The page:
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TUNE IN BEYOND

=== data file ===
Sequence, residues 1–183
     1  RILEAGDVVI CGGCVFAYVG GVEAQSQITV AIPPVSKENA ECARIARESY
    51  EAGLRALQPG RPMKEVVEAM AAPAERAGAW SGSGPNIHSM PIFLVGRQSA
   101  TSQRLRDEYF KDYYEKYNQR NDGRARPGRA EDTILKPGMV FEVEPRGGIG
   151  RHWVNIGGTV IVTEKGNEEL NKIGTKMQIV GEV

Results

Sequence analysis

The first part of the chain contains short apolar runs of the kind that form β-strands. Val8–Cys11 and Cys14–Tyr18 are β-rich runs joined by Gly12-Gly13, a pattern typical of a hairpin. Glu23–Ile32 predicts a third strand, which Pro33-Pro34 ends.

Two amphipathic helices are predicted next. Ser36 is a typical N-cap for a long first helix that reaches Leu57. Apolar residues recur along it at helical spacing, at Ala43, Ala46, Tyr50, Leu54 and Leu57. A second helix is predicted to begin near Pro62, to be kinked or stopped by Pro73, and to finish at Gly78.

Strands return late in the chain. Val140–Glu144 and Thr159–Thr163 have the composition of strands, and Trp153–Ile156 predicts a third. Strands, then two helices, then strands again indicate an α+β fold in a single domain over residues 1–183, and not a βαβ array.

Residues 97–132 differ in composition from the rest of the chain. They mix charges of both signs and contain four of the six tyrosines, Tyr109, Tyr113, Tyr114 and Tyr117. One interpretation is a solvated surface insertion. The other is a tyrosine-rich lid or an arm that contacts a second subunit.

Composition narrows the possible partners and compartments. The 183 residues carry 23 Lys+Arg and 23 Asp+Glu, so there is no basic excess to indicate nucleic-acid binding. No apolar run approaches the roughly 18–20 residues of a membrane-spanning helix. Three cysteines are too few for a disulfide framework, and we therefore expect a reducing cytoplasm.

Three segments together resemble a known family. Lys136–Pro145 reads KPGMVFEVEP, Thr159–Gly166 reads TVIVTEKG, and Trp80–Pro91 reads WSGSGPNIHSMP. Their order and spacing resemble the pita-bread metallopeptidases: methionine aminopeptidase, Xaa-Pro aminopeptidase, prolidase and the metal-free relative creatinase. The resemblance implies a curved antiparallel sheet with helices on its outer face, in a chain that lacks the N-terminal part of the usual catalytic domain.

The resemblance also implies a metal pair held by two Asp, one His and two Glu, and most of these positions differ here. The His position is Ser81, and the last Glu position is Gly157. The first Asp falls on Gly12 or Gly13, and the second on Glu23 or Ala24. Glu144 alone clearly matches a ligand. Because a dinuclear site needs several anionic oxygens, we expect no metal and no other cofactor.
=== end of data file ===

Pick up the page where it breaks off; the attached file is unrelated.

BROADCAST BAND Radio Listeners Experiment With Picking Up New Stations. t BY MARTIN CODEL. AS ALL-WAVE radios gradually displace conventional broad cast receivers, whose tuning ranges are generally confined to the regulation broadcasting bard of wave lengths between 550 and 1.500 kilocycles, attention Is focusing more and more on what the listener can tune in "beyond the broadcasting band." Already the short waves are bringing in a choice of several hun dred foreign broadcasting stations more or less regularly, while about two dozen more American short-wave broadcasting stations are in regular operation, usually as simultaneous ad juncts of ordinary stations. Banking on an ultimate 100 per cent listenershlp above 1.500 kilocycles, where the short waves begin, two ex perimental broadcasting stations au thorized by the old Radio Commission are now in regular operation in the recently widened band of 1,500-1.600 kilocycles. Both report good reception even on old radios whose limits were hitherto regarded as confined to 550 1,500 kilocycles. Newest of Station*. The newest of these regular stations "just beyond the broadcasting band" 13 W1XBS. It is operated by the Waterbury (Conn.) Republican and American, using 1,000 watts on 1.530 kilocycles. Its opening follows the beginning of operation several months •go of W2XR, New York, operated with 1,000 watts on 1.550 kilocycles by John V. L. Hogan. the noted radio en gineer. who was the Inventor of single dial tuning. It is somewhat too early to gauge the importance and \a!ue of these stations, but the radio world is watch ing the stations being started in this new band of waves with intense inter est. First, they are pioneering a new range of frequencies. Secondly, oper ating on 20-kilocycle paths instead of the usual 10 kilocycles, they are test ing so-called high-fldellty ' transmis sion and reception which is expected to open up avenues of improved na turalness and realism of radio program reproduction. In fact, it was to encourage ex perimentation with high fidelity that the old Radio Commission cleared the 1,500-1,600-kilocycle band for new broadcasting services. It is well known among engineers and mu sicians that the best radio reception today does not quite equal what one hears in the concert auditorium where the "real thing" is presented. The question is whether the average listener, whose ears may be satisfied with something a trifle less than the real thing, will appreciate high fidelity with its full tonal range of 8, 9 or 10 octaves, instead of the • or 6, to which he Is accustomed. Other Stations Authorized. In the belief that radio should strive for absolute perfection, and in the confident expectation that within a few years all radio sets will be able to tune in to 1,600 kilocycles, if not beyond, the operators of the stations in the new 1.500-1.600 band are pioneering these new waves with high hopes. Besides the Waterbury and New York stations, others have been authorized and will be built in Kansas City and Bakersfleld. Calif. Authority to build three more such stations is also being sought the applicants being D. E. Replogle, seek ing 1,570 kilocycles In Boston; A. R, Montgomery, seeking 1,530 kilocycles in Findlay, Ohio, and General Tele vision Corp., seeking 1,570 kilocycles With 1.000 watte in Boston. The Replogle and Montgomery ap plications are scheduled for hearings before the Federal Communications Commission December 17. The other Boston applicant, having once been rejected, has been advised it must W'ait at least a year to renew its ap plication under the F. C. C. rules. The commission demands that the applicants be technically and finan cially qualified to build and operate such stations and requires that they show a definite plan of research and experimentation. The stations are permitted to carry sponsored pro grams during such experiments; in deed, the Waterbury station is now a member of the new American Broadcasting System network. Gratifying Result*. That the hopes residing in these new broadcasting channels are al ready being realized is indicated by a report from Mr. Hogan based on nearly four moths of test operation of his W2XR. He states that his men have surveyed reception in the New York territory among people owning 445 different types of receiving sets, ranging from obsolete crystal sets to ultra-mod ?rn coasoles of the all wave variety. He reports that 70 per cent of all the radios can tune up to his channel of 1,550 kilocycles and r SPORT FANS IN ENGLAND LEARN BASE BALL BY AIR World Scries Broadcast Shows Game Differs From '"Rounders." Dean Incident Puzzling. Broadcasting of the world series has tended to clear up in the minds of many English sport ians the differ ence In base ball and their own popu lar game known as rounders, which is somewhat similar. This is revealed in the hundreds of letters received by General Electric as the result of its short wave stations W2XAP and W2XAD carrying the complete story of each game to foreign countries. There was one Incident in the series, however, which caused some fans tc wonder. It 4*as the accident to "Dizzy" Dean, when he was hit in the head by a thrown ball when running to second base. In rounder.? a player may be put out by the ball being thrown to the base ahead of him. as In base ball, or if hit with the ball from the hands of an opposing player before be reaches the base. POSTHUMOUS RADIO PATENTS ALLOWED Two posthumous patent grants to the late C. Francis Jenkins, Wash ington television inventor who died recently, have been announced by the United States Patent Office. One patent covered a two-signal broadcasting system and the other a radio synchronizing system. Limited rights to both patents, it was stated, have been assigned to the Radio Corp. of America. Among other Washington radio in ventors. Louis A. Oebhard has been granted a patent on a frequency con trol apparatus, rights to which he has assigned to Wired Radio, Inc., New York. Other Washington radio patent grants were as follows: Ross Gunn. alternating current inductor compass; Edward O. Hulbcrt, polar ization photometer; Morris W. Askin. radio plural program receiving sys tem; Dr. A. Hoyt Taylor, signaling system control, and James E. Parker, multiple wave detection and trans mission apparatus. To Paul S. Edwards of Fort Meade, Md.. and Constantin D. Barbulesco of Dayton, Ohio, the Patent Office has also lssuècl a patent covering a new radio receiving system. AD FIRM OFFERS CUP FOR GOOD ANNOUNCING To the advertising world interested in radio broadcasting, and especially ί to radio announcers, the announce ! ment has been made that Batten, ; Barton, Durstine & Osborn will an nually give "The B. B. D. O. Cup for ! Good Announcing." "By good announcing," said Roy S. Durstine. vice president and gen eral manager of the firm, "we mean ; sincerity, accurate diction, natural ness, persuasiveness, a lack of man j nerisms and an absence of those curi : ous inflections which belong to an J unknown language in a world which I doesn't exist. "Somehow there has grown up a technique in announcing which, we believe, is exasperating to the public, annoying to the sponsors of broad casting programs and detrimental to the future of radio. There are many announcers who have refused to let themselves be drawn into this style of announcing and it is to .encourage them and to beguile others away from the stilted, hot-potato school of broadcasting that we are offering this cup as a modest protest and a small indication of what we believe to be the general preference among the public and those concerned with pro ducing radio programs " The first award will be made short ly after January 1, 1935, and there after each year at that time. that 90 per cent of all new radios now being marketed can do likewise. If this is true of the 1.550-kilocycle ! channel, the percentages should be even higher for Waterbury's 1,530 channel. Whether the stations will be listened to manifestly depends upon the quality not only of reception, but of their programs. Mr. Hogan's ex periments are proving that well over half the radios now in use, whether old sets or new ones, can secure sat isfactory reception. It now appears to be only a matter of time and the inevitable displacement of old radios in the homes by, new ones before these wave lengths* will become as in tegral a portion of the broadcasting spectrum as the 96 other wave lengths between 550 and 1,500 kilo cycles. And one of the best features— from the point of view of the regu lators of radio here in Washington— of the newly opened wave band is that the three high-fidelity channels can be duplicated in many parts of the country without interference be tween the stations operating on them, thus opening up the prospect of new stations in many more communities that may need them. Ί FOREIGN SHORT-WAVE STATIONS CITY. STATION. MEGACYCLES. HOIRS. Barranquilla . ,,,HJ1ABB 6.45 6 to 10 p.m. Berlin DJA 9.57 5:15 to 9:15 p.m. Berlin DJB 15.20 8 to 11:30 a.m. Berlin DJC 6.02 Noon to 4:30 p.m., 5:30 to 10:45 p m. Berlin DJD 11.76 Noon to 4:30 p.m., 5:30 to 10:45 p.m. Brussels ORK 10.33 1:45 to 3:15 p.m. Buenos Aires LSX 10.35 9 to 11 p.m. irregu larly. Caracas YV2RC 6.11 5:15 to 10 p.m. Caracas YV3RC 6.15 10:30 a.m. to 1:30 p.m., 5 to 9:30 p.m. Geneva HBP 7.80 5:30 to 6:15 p.m., Sat. Guayaquil HC2RL 6.66 5:45 to 7:45 p.m. Sun., 9:15 to 11:15 p.m. Tues. Huizen PHI 11.73 7:30 to9:30 a.m. Mon., Thurs., Fri.; 7:30 to 10:30 a.m. Satur day & Sunday. ,Tf>loy LCL 9.55 Noon to 6 p.m. Lisbon CT1AA 9:60 3:30 to 6 p.m. Tues. & Fri. London GSA 6.05 7 to 8 p.m. London GSB 9.51 1 to 5:30 p.m. London GSC 9.58 6 to 8 p.m. London GSD 11.75 1 to 5:30 p.m., 6 to 7 p.m. London GSE 11.86 8:45 a.m. to 12:45p.m. London GSF 15.13 " 6 a.m. to 12:45 p.m. London GSG 17.08 6 to 9:30 a.m. Madrid EAQ 9.87 5 to 7 p.m. Melbourne VK3ME 9.51 5 to 7 a.m. Wed. Si Sat. Moscow RNE 12.00 6 to 1, 10 to 11 a.m. Sunday. Moscow RV59 6.00 2 to β p.m. Paris (Pontoise) 11.90 11:15 a.m. to 6 p.m. Paris (Pontoise) 11.71 3 to 6 p.m., 6:16 to 9:15 p.m., 10 to 12 p.m. Paris (Pontoise) 15.25 7:30 to 11 a.m. Rabat CNR 8.05 2:30 to 5 p.m. Sun. Rabat RABAT 12.83 7:30 to 9 a.m. Sun. Riobamba PRADO 6.62 9 to 11 p.m. Thurs Rio de Janeiro PRF5 9.50 5:30 to β:15 p.m. Sydney VK2ME 9.59 12:30 to 2:30, 4:30 to 8:30, 9:30 to 11:30 a.m. Sunday. SUNDAY CROSS-WORD PUZZLE AlHUSS. 1. Accomplished. 5. Chatter. 10. Changes relative position. 20. Devil. 21. Afterward. 22. Reformed. 24. Sour. 25. Spanish coin. 26. Declaration. 27. Unmixed. 28. Witticism. 29. Ju.np. 30. Proverb. 32. Cultivate. 34. Possessive. 35. Measure of area. 36 Grains. 37. Dye base. 39. Meadows. 41. Above. 42. Business locations 44. Attempt. 45. Secure. 47. American tree. 49. Sacred boxes. 50 Area. 51. Porcelain pletes. 53. Couch. 54. Reverberation. 55. Pish. 56. Black. Mineral spring. 60. Ointment. 61. Doze. 62. Grievously. 64. Carpet. 65. American fteh. 67. Expire. 68. Fine bunting. 70. Zealous. 72. Central American sr* 74. Foes. 76. Soft plug. 77. Large cask. 78. Charred. 79. Twitching. 80. Birds. 82. West Indian fish. 83. Chinese bean sauce. 84. Part of a flower. 87. Simiens. 88. Possesses. 89. Rat terriers. 93. Earth slide. 95. Fastened. 97. Mysterious. 99. Pound. 100. Branches. 101. Immerse. 102. Domestic bird. 104. Perched. 105. Playing cards. 107. Assent. 108. Cools. 110. Regretted. 111. Grain nucleuses. I 112. Blasts of wind. 114. crusn. 116. General direction. 118. Heathen 119. South African animal*. ! 121. Perch. I 122. Worn away. j 123. Wince. I 124. There. j 125. Insect larva. 127. Deviate. : 129. Resound. j 130. Toward. ! 131. Fruit seed. 133. Cleft. J 135. South American pbiii.· I 136. Fountain. j 137. Tear. 138. Cavity. 140. Sulphur alloy. 1*2. Harvests. 144. Destiny. 145. Common shrubs 147. Cowardly. 148. Piercee. 149. Sweetening agent? 150. Divisions of time. 151. Impure metals. DOWN. 1. Remove baric. 2 Leave out. 3. Bow. 4. Type measure. 5. Entreaties. 6. Orate. 7. Consumed. 8. Pertaining to tetanu 9. Shoot forth. 10. Parts of the ear. 11. Avenging. 12. Past. 13. Small salamander. 14. Gastropod. ; 15. Pill. 16. Either. 17. Undermine. 18. Toilet case 19. Pertain to genus of hybroids. 20. Decorate steel. 23. Sad 25. Fondles. 29. Young boys. 31. Every. 33. Praise. 36. On. 37. Fit for cultivation. 38 Snake-like fish. 40. Twirl. ι 43. Pan for ashes. : 44. Genuine. 46. Maker of a will. 48. Eluder. 50 Numeral. ; 51. Journey. I 52. Jet. 55. Like a cone. 57. Raised 59. American blackbird. 62. lake. 63. Sailing vessel*. I 66 Rule of an abbot: Rar 69. Form of matter. [ 71. Vapor. 72. Mongrel. 73. Purchaser. 75. Fallacies. 77. Harass. • 1. Tiny. 82. Head covering. 83. Mount. 84. Chapter divisions. 85. Withdrawals. 86. Gentlest. 87. Culminations. 88. Desire. 90. Questioned. 91. Abdicate. 92. Stone icicles. 94. Negative vote. 95. Wealthy. 96. Constraint. 98. Carriages. 101. Whisky manufacturer. 103. Character for Teutonic alphabet 106. Pace. 109. Power. 111. Frozen rain. 113. Disparage. 115·. Assist. 117. Sweet cordial. 118 Plot. 120. Obsolete musical in U · nt. 122. Age. 123 Bogs 126. Burning. 128. Luster. 129. Small lake*. 132. Farm tools. 134. Sea bird. 136. Equitable. 137. Unusual. 139. Sheep. 141. Recline. 143. Australian bird. 144. Because. 146. Exist. 148. Proceed. I Solution of Yeeterday's Puzzle. MXJHJ UlTE ■■ IIIIHMIHIil iilllll HQS] 3ΠΗΙ· Hftranisa laGaanciaar* aaaaas aagamaaa οηβοη Lessons in Safe Driving PT~* 7TT 7277—7~Τ-7Γ1>—'TP 1 1 x WEAVING -fc^mrrtu No one is more active in the campaign to persuade the automobile driver to exercise the ctre, courtesy and common sense which will reduce the appalling number of accidents than motor vehicle administrators. They know ! the facts. Ten of them, officers of national and regional associations, have described the most common driving and pedestrian faults. ill J. r. nii_.ivr.LL, Reditrar of Motor Vthlclaa. Ontario. Can ada: President. Region No. 1 ot American Association of Motor Vehicle Admlnlitraiora THE Impulse to pass the other fellow on the road at all costs Is responsible tot thousand* of motor acctilcnu every year. Such an impulse causes a driver to cut in and out oi Une to pas3 on the wrong side or at the wrong time, to pass on hils ot curves, to drive In the wrong lane, and at best to jam traffic nnd slow down progress. All that Is called weaving and you see It every day, not only on the open highway, but on our bridges and on our narrowest thoroughfares The man who is going no place in particu lar, with plenty of time to go there, finds himself at the ena of the line. He is not content with that, so he proceeds to weave in and nut of traffic U> get to the head ·! the procession. ne is me Dane οι every saie driver, > menace not only to himselt and his own family, but to every other person. Figures supplied by the National Bureau of Casualty and Surety Under writers for 1933 indicate that there were more than 150,000 accidents on our highways last year, city and sub urban, that might be traced to the weaving mania. More than 3,000 persons were killed and 1S5.000 in jured. Truly, that is a terrible price to payl Our traffic regulations are reason able, designed to facilitate the progress of motor vehicle·. If driver· would only restrain themselves and Vay in line these accidents would never bap pen. One might lose a minute or twe out of an hour of travel, but that would be more than made up in safe progress. For your own saxe, U not for others, stay in line, t Do not be a weaver! Ntw rntt^INU KKUUtSS IS BOON TO CALIFORNIA CANNED FRUIT INDUSTRY _ (Continued From First Page ) During the Summer season the I work was extended to include various deciduous fruits. At the beginning of the season It was discovered that pulp from soft ripe apricoU mixed with sugar sirup and quickly frozen at a low temperature made a very satisfactory and tasty product. This frozen material retained the natural flavor and color of the fresh fruit and possessed a surprisingly smooth tex ture. Considerable fruit too ripe for the higer grades of canning was found to be the best for freezing. Encouraged by the poaalbility of developing a new frozen dessert from the cheapest, but best tasting fruit, most of the season was spent in pulping and freezing all varieties obtainable. The pulps were mixed with various strengths and proportions of sugar sirups and frozen. Nineteen kinds of fruit, includ ing apricoU, blackberries, cherries, grapes, nectarines, peaches, pears, pineapples, plums, prunes, raspber ries, strawberries and young berries, were prepared. The pulp is prepared by pitting and grinding the fruit and then pass ing it through a sieve to remove the skin and fiber. After a pulp of uni form consistency is secured sugar sirup is added. Then the mixture is stirred sufficiently to insure an even mixture, poured Into containers and frozen quickly. The uses for the frozen fruit pulp are several. If frozen quickly at a low temprature it has a texture smoother than most Ice cream and can be served as a frozen fruit dessert. De frotsed. It may be used as fruit flavor bases for Ice cream and rfherbets and also as a dressing for ice cream sun daes. It may even find its way into the culinary art in making puddings, shortcakes and the like. A public service patent has been applied for on the pulping and freez ing process. Couldn't Attend Self. PHILADELPHIA (/P).—Police car ried an unidentified auto accident vic tim Into the American Hospital for Diseases of the Stomach. His skull was fractured and bit face disfigured. Physicians decided to operate. They rang for Floyd Dowell, an orderly. He didnt answer. Hours later, after the operation, they found DowelL He was the victim. MASONIC CHAPTER TO CONFER DEGREE Evangelistic Unit, Knights Rose Croix, Meets Tues day Night. Meetings This Week. Blue Lodfe*. Monday: Dawson, business; j Stansbury, visitation; Joppa, j business. Tuesday: Federal, Ε. Α.: Acacia, business; Takoma, busi ness; Gompers, business. Wednesday: Harmony, visita- I tion; Harding, visitation; Chevy I Chase, business; Justice, busl- | ness. Thursday: Naval. Ε. Α.: Hi- i ram, Ε. Α.; Lafayette, business ι and social; Singleton and Chevy Chase, visitation; Petworth, F. C.; Congress, business; Sem per Paratus, business. Friday: Columbia. F. C.; Leb anon, social: Milan, F. C.; Jus tice, business. Saturday: School oi Instruc tion. Royal Arch. Monday: Mount Vernon, M. Ε. M.: Anacostia, business. Tuesday: Mount Horeb. bus iness; Potomac, P. M.; Wood- j ridge, Μ. Ε. M. Wednesday: Washington Na val, business. Friday: School of Instruc tion. Commanderie*. Tuesday: De Molay, business. Wednesday: Washington, bus iness. Friday: Columbia, business. Evangelistic Chapter. Knights Rose Croix, Scottish Rite Masons, will meet Tuesday night. The eighteenth degree will be conferred on the Fall class of candidates in full ceremonial form. The uniformed bodies of Capitol Foiest. No. 104. Tall Cedars of Lebanon, will give a card party and dance at Wardman Park Hotel Friday. The Grand Ledge will pay its annual visitation to Stansbury Lodge tomor row evening. There will be a short entertainment and the principal ■speaker will be Past Grand Master Dunkum. Members of King Solomon Lodge will attend religious services tonight at 8 o'clock at Christ Episcopal Church. 620 G street southeast. Dr. Edward Gabier, rector of the church and chaplain of the lodge, will officiate. The members of East Gate Lodge will be the guests of East Gate Chapter November 16 at 8:30 p.m. King David Lodge wax host to mem bers of the Marine Corp and nearby Virginia lodges last Tuesday. Master Troy A. Nubson presented an evening of hospitality and entertainment. A section of the Marine Band Or chestra furnished music during the presentation of the colors. Brig. Gen George Richards spoke on "Marines and Masons." Prof. F. R. Mueller presented tricks with electricty. King David Lodge will have charge of the religious service at the Masonic and Eastern Star Home today at 3 p.m Rev. Aipheus S. Mowbray will be the preacher. Lafayette Lodge will meet Thursday 1 evening in ledge room No. 1. Drcem- ! ber Masonic birthdays will be cele- j brated. Past masters will be guests j Refreshments will follow. 4 Petworth Lodge will confer the fel lowcrafts degree Thursday following a ι business meeting. Senior Steward Alien i will preside durin; the degree, assisted by Senior Deacon Jett. EASTERN STAR Lebanon Chapter will meet Tues- ] day evening. Matron Dorothy Pur year and Patron P.enah Camalier 1 will present the chapter with an ornament. Dancing and refresh ments will follow. The Home Board will have luncheon at the Lotus to morrow at 12 o'clock, followed by a meeting of the General Home Board at the Masonic Temple at 1 o'clock. The Lebanon Players are rehearsing "The Governor Returns," to be pre sented December 4. The 1934 officers gave a surprise party Saturday evening at the home of Treasurer Blanche Barghausen, 6621 First street, in honor of the birthday anniversary of the matron. An overnight bag was presented for her trip home to England. Matron Anne Parker of La Fayette Lodge Chapter announces the next meeting November 14 will be new members' night. Refreshments and dancing. The Bridge Club will meet at the home of Mrs. Dawson, Parker Apart ments, November 17. The Auxiliary Home Board of Bethany ChapteV will be entertained at the Lotus for luncheon tomorrow with hostesses Mrs. Rose May How ard, Mrs. Mildred Timpe and Mrs Georgia May Stuart, later going to the Masonic Temple for the business meeting of the General Home Board. The Sunshine Committee will be en tertaiiled at luncheon and cards on Thursday at the home of Mrs. Estelle Serrano. 621 Upshur street, assisted by Mrs. Amy Alf. Mrs. Mabel Test and Mrs. Evelyn Broaddus. At the chap ter meeting Friday there will be a short business meeting, followed by refreshments and dancing. At the special meeting of Electa Chapter four candidate^ were Initiated, after which there was the annual grand visitation. Gifts of linen were presented to the grand matron and grand patron. Mrs. Elizabeth Harmon gave readings. The past matrons and past patrons of the chapter will be honored guests next Tuesday evening. Martha Chapter met in the Naval Lodge Hall November 2. The past Officers presented a sketch entitled "Along the Streets of Cairo." The matron and patron of Naorfii Chapter entertained the officers at a Halloween dmner party in their home," 1406 Kearney street northeast. The guests of honor were Mrs. Mamie L. Greenstreet, grand matron, and Ed ward Riley, grand patron. The meeting of November 14 will be past matrons and patrons night. The General Auxfllary Home Board Committee will meet at the Masonic Temple tomorrow at 1 p.m. The Gleaners net at the home of Miss Virginia Hammrrly, 1819 Ingle side terrace, Wednesday evening and planned another activity. * Matron Helen H. Hogan of Miriam Chapter announces the chapter to morrow night will have as guests Grand Conductress Louise E. Kreglow, Associate Grand Conductress Eliza beth Rhine, the* conductresses and associate conductRsses of 1934, and charter members and new members. There will be an entertainment and dancing. Grand Chapter officers paid Wil liam F. Hunt Chapter its official visit November 8. The Auxiliary Home Board will meet November 26 at the home of Mrs. Evelyn R. Millard, 1863 Ingleside terrace. The Auxiliary Home Board will meet for lunch at the Lotus at noon to morrow and attend the General Auxil iary Home Board meeting at the Ma sonic Temple at 1:30 p m. Areme Chapter met November 7. A violin solo by E. Wayson, past patron of Trinity Chater: cello solo by Mr. Manoly, past patron of Fed eral Chapter; vocal solos by Mrs. Klein and Mrs. Jester, past matrons of Areme Chapter, and selections by a trio composed of Mr. Wayson. vio lin: Mr. Manoly, cello, and Earl Klein, at the piano. East Gate Chapter at Its last meet ing entertained the past matrons and patrons. At the meeting November 16. the chapter will have as its guests mem bers of East Gate Lodge and Wood ridge Royal Arch Chapter and their families. "£he Officers Club of Chevy Chase Chapter will meet tomorrow night at the home of Mrs. Jessif B. Krause. 3910 McKinley street. The Afternoon Card Club will meet November 13 at Kenwood Country Club, with Mrs. William D. Ellett and Mrs. Paul Dietriclc as hostesses. The Home Board will entertain the Campbell-Loffler Sewing Club at the Masonic and O. E. S. Home No vember 14 at 1:30 p.m. Hope Chapter will meet in the Masonic Temple. Wednesday, at 8 p.m. Degrees of the order will be con ferred on two candidates. The Grand Chapter officers paid their annual visit to Loyalty Chapter last Wednesday. The grand matron and grand patron were given a spe cial greeting, sung by Past Matron Carnahan, who also sang during the presentation of the gifts. Mrs. Par ham gave recitations. The matron announced the next meeting will be followed by refresh ments and dancing. Mrs. Olive L. Bressler. matron of Joseph H. Milans Lodge Chapter, an nounces the next meeting Thursday evening. The Bridge Club will meet Tuesday afternoon with Mrs. Davis, 1012 C street northeast. At the lut meeting of Good Will Chapter the star points of the juris diction and the grand star point were entertained. The annual Halloween party was held at the home of Past Matron Flor ence D. Walter·. Sybil L. Will won the prize for the most beautiful cos tume and Irene M. Terry the prize for the most comical. There will be a bingo party at the home of Matron Maria J. Anderson, 2904 Tenth street northeast, Novem ber 24. At a recent meeting of the Com mittee on Arrangements It was an nounced the District of Columbia will have a large delegation present at the general Grand Chapter session at Tampa, Pla., starting November 18 The delegation will leave Washing ton next Tuesday, at 4 p.m., and go by rail to Baltimore and thence by steamer to Jacksonville, Pla. A short trip will be made at Savannah, Ga., where the party will be the guests οI the Savannah Chapters on a sight seeing trip. On arrival at Jackson ville arrangements have been made for a combined rail and bus trip along the east coast of Florida, down to Miami and then to Tampa. The journey from Tampa back to Wash ington will be by rail. At the close of the session a special trip has been planned to Havana. Cuba. The Matrons and Patrons' Associa tion of 1924 met Wednesday evening at the home of Mrs. and Mrs. Paul B. Cromelin. Chevy Chase. D. C. The business session was presided over by Mrs. Augusta O. Johnson, president. The program consisted of games First prize was won by Mrs. Turnage, followed by Mrs. Trueworthy and Mrs. Sweet. A committee was appointed to make arrangements for the annual banquet, consisting of Mrs. True worthy, chairman; Mr. and Mrs. Turnage, Dr. and Mrs. D. P. Bush and Mr. and Mrs. J. L. McGrew. Miriam Lewis, matron of Temple Chapter, announces a business meet ing tomorrow. DAILY SHORT STORY SCARtET DANNY His Sister Helen Was the Most Beautiful Girl in Town and Ted MacLean Set Out to Woo Her. BY F. Β MrWHORTER. TED MacLEAN, the mast pop ular young man in Barlow Springs, and his friend, George Rogers, were hav ing a late cup of coffee at the cor ner drug store. "I tell you, George, a clever young fellow can have any girl he wants. It's all a matter of tech nique.·* "That's what you say, Ted, but what do you mean by tech nique?" George asked appealingly. "The stuff that puts you over with the girls. Look at me. Did you ever hear of me being turned down on a rl ο f η Ο Μη eir I Τ know how to handle women. They never cold-shoulder me—and do you know why?" "No." "Because they know there's a dozen other girls that would be glad to have their chance. Take Doris, for instance. When she came back from school you and Jim called her up every day I waited until I was good and ready and then I didn't even have to ask her for a date, she sent me a bid to the club dance." "Well, that's just one." "What about Lucille? Didn't she tell you she wouldn't go out with me if X was the last man on earth? And did she fall?" "She went out with you, yes." "There you are! Listen, I can go to the telephone now and get a date with any girl in town." "Most any girl?" George amended. "Any girl." "How about Helen Harvey?" "Well, I haven't met her yet. But X will." "Sure—you will! A guy with your nerve Is bound to meet her. I saw you yesterday trying to horn in when she and her mother were talking to Mrs. Simms. Did I laugh when they turned around and walked away with out even seeing you!" "I don't think she really knows who I am yet," Ted explained. "But I'll meet her. I've already started to work on her little brother Danny." "You mean the little mug that made faces at you yesterday when you tried to give him a nickel?" George asked. "Yes. That's Danny. Of all the disagreeable kids I ever met he is the worst. Has a disposition like a cop—bet he goes around pinching babies just for fun." "Too bad a nice girl like Helen has to have such a mean little brother." "Well—she likes him," Ted sighed, "so I guess I'll have to put up with him." All the way out to the ball park Ted thought about Helen. Prom the first day he saw her his interest in other girls had waned. The ball game was listless and Ted's interest wandered. During the seventh inning "stretch" he noticed that sev eral people, a few rows down, re mained standing, hovered about a small figure. With a start he rec ognized Danny. He made his way to him. "What's wrong." he asked. An older man, standing near, answered, "Some kid's made himself sick on soda pop, I guess. Know him? Better get him home out of this sun." All the way to Helen's house Ted had visions of her gratitude for his (solicitous care of her little brother. Their meeting would be no ordi nary introduction. It would be the dramatic begin ning of a beautiful friendship. How he would enjoy telling George all ► about it! Mrs. Harvey fluttered about them at the door and Insisted on mlline the doctor. Ted carried Danny inside and looked inquiringly about, but Helen was no where to be seen. "You've been so kind. How can I ever thank you?" Mrg. Harvey smiled. "Glad to be of service, Mrs. Har vey." The doctor examined Danny briefly and asked a few questions. Then he nodded his head and turned to ward Ted. "Well, Ted. this looks bad for you." "Bad for me? What do you mean?" "I mean our little friend here has scarlet fever and I shall have to quarantine you with the rest of the family." Quarantine? With the rest of the family? Suddenly Ted grinned. Des tiny was certainly performing to a ninety. He would scarcely have dared hope for days upon days in Isolation with a girl as lovely as Helen. "But, doctor." Mrs. Harvey was protesting, "this young man only brought Danny home from the ball park. Surely you can make an ex ception In his case." The doctor was «bout to reply, but Ted Interrupted. "My dear Mrs. Harvey, rules are rules, you know. I wouldn't think of trying to break quarantine. I won't mind at all. I assure you. I can take care of Danny for you: that will relieve you and your daughter." At the mention of his name Danny sat up weakly and made another face. Mrs. Harvey's manner was puzzled. "Well, I really don't know what to say. Such neighborliness sort of— well—overwhelms me." "Oh, I'm sure any one would be glad to help out under the circum stances, Mrs. Harvey." Ted answered. He looked about uneaiilv. Strange that Helen had not heard all the commotion and come in. "H—hadn't you better tell your daughter of our arrangement?" he asked finally. ' "Why. yes. of course. I'll phone her at once." said Mrs. Harvey. "Phone her?' 'echoed Ted vacantly. "Yes. Isn't is fortunate that she left only last night for a month's visit in the city?" (Copyright. 1934.) Tomorrow: "Chewing Gum," by Helen Fairlamb, is an exciting «tory of an old reporter who played a mur der hunch with the assistance of a girl news writer by matching his wits against the farts dug up by official investigators. • Λ CLEVIR YOUNG FELLOW CAN HAVE ANY GIRL HE WANTS MARINE PRAISED BY NAVY SECRETARY Swanson Commends Corporal for Courage in Fighting Firt Aboard Gunboat. Secretary of the Navy Swanson has specially commended Corpl. Donald J. Becker of the Marine Corps for his courageous actions and excellent per formance of duty during the fire which occurred on board the U. S 6. Fuiton. gunboat attached to the United State* Asiatic Fleet, when about 50 miles from Hongkong, China, during a heavy storm. In the early part of the coming year corps authority will promote one brigadier general of the line to major general, one colonel of the line to brigadier general and those in the lower grades who have been found qualified, as per the reports of the recent selection board and the examin ing board, respectively, will be ad vanced accordingly. The next session of the selection board will be held shortly after the holidays. Capt. Evans O. Ames has been un der orders for examination for pro motion to major, and upon completion will be attached with the Fleet Marine Force. Quantico. . Col. Emile P. Moses, who recently assumed command of th· Headquar ters Barracks, Eighth street southeast, has Just been passed by the exam ining board for his grade of colonel. The following officers who have been appointed to the grades indicated take rank from May 29 last, subject to fu ture confirmation by the Senate: Col. Henry W. Manney, Jr.; Lieut. Cola. Samuel M. Harrington. Harold L. Par sons, Julian C. Smith, Charles J. Miller, Harry Schmidt, Selden B. Ken nedy, Mile* R. Thatcher, Harry K. Pickett, Henry L. Laraen, James L. Underhill, De Witt Peck, Earl H. Jen kins and Lyle H. Miller. 40,000 Safety Lanes in Plan. London Is to have 40,000 safety lanes for pedestriana. They will coat $5,000,000. The crossings will be marked with square studs of steel and are to take the place of the whit· painted lines. Minister of Transport Hore-Belisha has just started installa tion.